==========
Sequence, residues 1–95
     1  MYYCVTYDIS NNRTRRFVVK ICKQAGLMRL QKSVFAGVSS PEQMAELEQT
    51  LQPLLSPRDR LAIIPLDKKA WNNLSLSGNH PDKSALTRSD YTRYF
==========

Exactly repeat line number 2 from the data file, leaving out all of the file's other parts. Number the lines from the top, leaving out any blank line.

     1  MYYCVTYDIS NNRTRRFVVK ICKQAGLMRL QKSVFAGVSS PEQMAELEQT